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Pretentiousness in American Literature

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One of my favourite books of criticism is [I]A Reader's Manifesto[/I], a short attack on the shit that passes for literature in America these days. This was first published as an essay in the Atlantic Monthly, and caused so much controversy that it's just too good not to bring it up here. The thing about this essay is that it's so opinionated and scathing that almost everyone is bound to be outraged at some point while reading it. Still, the author, BR Myers, manages to find such golden examples of shitty prose that you can't help but admire the guy.

This isn't the essay itself, but a fair review that borrows heavily from the essay to make its point. I encourage some of you to read it.

[B]B. R. Myers Reader's Manifesto: An Attack on the Growing Pretentiousness in American Literary Prose. Melville House, 149 pages, $9.95 [/B]

Why is unmerited praise so annoying? The opposite sin, unmerited censure, we consider unjust and meet with indignation. But the misplaced compliment, the excess approval, the outsized reward given to what we know doesn't deserve it--that we find distasteful. Even in matters of culture, where the stakes are less immediate, undue favor gives offense. A bad novel is just a bad novel. We read twenty pages and toss it aside. But a good review of the novel sticks in our head, as if a trust has been violated. While the novelist speaks for himself, the critic speaks for a standard, and since the survival of culture depends upon a wary discrimination of virtue and vulgarity, his overly generous review plots a course of diminishing expectations. If others follow and we discern no ulterior motive, we can't even make a moral rejoinder. Something errant and unreasoning, it seems, is happening.

This is the animus behind B. R. Myers's Reader's Manifesto, an idiosyncratic tirade on the "Serious Writers" of our time and the reviewers and award-givers who sustain them. The project began when Myers came across one of the more critically admired sentences in recent years.

In the long unfurling of his life, from tight-wound kid hustler in a wool
suit riding the train out of Cheyenne to geriatric limper in this
spooled-out year, Mero had kicked down thoughts of the strange place where
he began, a so-called ranch on strange grounds at the south hinge of the
Big Horn.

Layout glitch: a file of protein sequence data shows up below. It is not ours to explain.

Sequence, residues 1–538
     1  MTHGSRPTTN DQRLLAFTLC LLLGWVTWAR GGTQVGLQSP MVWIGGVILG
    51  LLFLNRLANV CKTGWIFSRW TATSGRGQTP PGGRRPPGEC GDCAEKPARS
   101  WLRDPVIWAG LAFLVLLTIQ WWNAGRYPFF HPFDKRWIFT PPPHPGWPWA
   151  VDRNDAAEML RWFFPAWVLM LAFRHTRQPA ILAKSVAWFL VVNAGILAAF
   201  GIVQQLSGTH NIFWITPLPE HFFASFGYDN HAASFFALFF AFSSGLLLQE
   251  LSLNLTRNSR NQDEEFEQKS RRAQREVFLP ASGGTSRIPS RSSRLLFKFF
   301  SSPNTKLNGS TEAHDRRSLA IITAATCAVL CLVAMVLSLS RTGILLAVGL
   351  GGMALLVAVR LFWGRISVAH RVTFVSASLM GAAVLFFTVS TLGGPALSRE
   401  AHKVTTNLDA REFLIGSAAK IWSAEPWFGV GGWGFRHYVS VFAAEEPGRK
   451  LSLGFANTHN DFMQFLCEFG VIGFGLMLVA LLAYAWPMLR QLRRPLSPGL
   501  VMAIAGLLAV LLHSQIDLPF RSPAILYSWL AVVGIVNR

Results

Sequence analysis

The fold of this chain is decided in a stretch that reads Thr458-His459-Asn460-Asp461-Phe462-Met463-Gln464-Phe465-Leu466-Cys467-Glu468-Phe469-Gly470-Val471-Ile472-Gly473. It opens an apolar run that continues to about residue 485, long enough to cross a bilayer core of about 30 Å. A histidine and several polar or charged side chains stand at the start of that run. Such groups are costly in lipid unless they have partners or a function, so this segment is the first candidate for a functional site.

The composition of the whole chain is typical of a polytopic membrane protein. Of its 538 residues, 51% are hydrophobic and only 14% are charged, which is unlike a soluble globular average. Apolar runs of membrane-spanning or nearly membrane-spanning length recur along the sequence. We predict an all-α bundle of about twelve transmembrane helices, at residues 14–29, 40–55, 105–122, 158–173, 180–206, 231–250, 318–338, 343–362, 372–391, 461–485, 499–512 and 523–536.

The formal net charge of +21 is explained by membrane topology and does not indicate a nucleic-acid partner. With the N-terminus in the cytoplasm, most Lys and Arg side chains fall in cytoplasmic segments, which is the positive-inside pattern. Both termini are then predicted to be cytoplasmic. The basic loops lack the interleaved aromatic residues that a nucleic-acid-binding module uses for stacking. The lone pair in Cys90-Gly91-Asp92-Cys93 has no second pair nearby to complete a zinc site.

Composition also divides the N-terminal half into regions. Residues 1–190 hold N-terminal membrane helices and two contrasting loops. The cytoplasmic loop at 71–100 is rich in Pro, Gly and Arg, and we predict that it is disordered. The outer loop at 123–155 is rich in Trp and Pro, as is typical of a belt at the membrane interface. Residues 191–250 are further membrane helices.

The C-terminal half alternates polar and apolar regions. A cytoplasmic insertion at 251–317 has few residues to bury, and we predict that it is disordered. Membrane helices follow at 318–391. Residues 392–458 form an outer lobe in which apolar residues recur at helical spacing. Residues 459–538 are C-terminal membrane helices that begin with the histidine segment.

Myers's first reaction: "My God, that's a horrible sentence." He might have passed on, but the honors the author Annie Proulx has enjoyed (Pulitzer, National Book Award; The Washington Post: "the best prose stylist working in English now, bar none") demanded an explanation. He started collecting similar specimens of bad prose and critical puffs, parsing the writers' verbal errors and the reviewers' poor judgment. The result he self-published in March 2000 in a print run of 100 copies available only on After four months of silence, a fan letter arrived from Bill Whitworth, a former editor of The Atlantic Monthly. This was followed by a request from the current editor, Michael Kelly, that a shortened version appear in the magazine. When the July 2001 issue cast it as an indictment of "the GODAWFULNESS of today's literary writing" a minor storm erupted. The Wall Street Journal editorialized on its behalf, and papers from Sydney to Cairo to London to Arkansas hailed it as an "emperor-has-no-clothes" expose But the New Yorker editor Meghan O'Rourke wrote in that Myers's "screed" was "crudely off target" and Laura Miller in dismissed it as a "sort of bomb-throwing" that "appears every decade or so." An editor at Harper's, Lee Siegel, complained in the Los Angeles Times that Myers's "method of ripping imaginative prose out of its context is foolishly flawed." Michael Dirda of The Washington Post's "Book World" answered online queries about the essay with, "Didn't read it, probably won't. I don't agree with the premise at all." When the paper of record joined the debate, Judith Shulevitz wrote in The New York Times Book Review that Myers was an "outsider" who "doesn't have a sure grasp of the world he's attacking." In one letter to The Atlantic, the Editorial Director of Broadway Books called the polemic "annoying literary philistinism," while another dubbed Myers "embarrassingly mean-spirited." One fellow sighed, "I hope he is not this cruel in real life."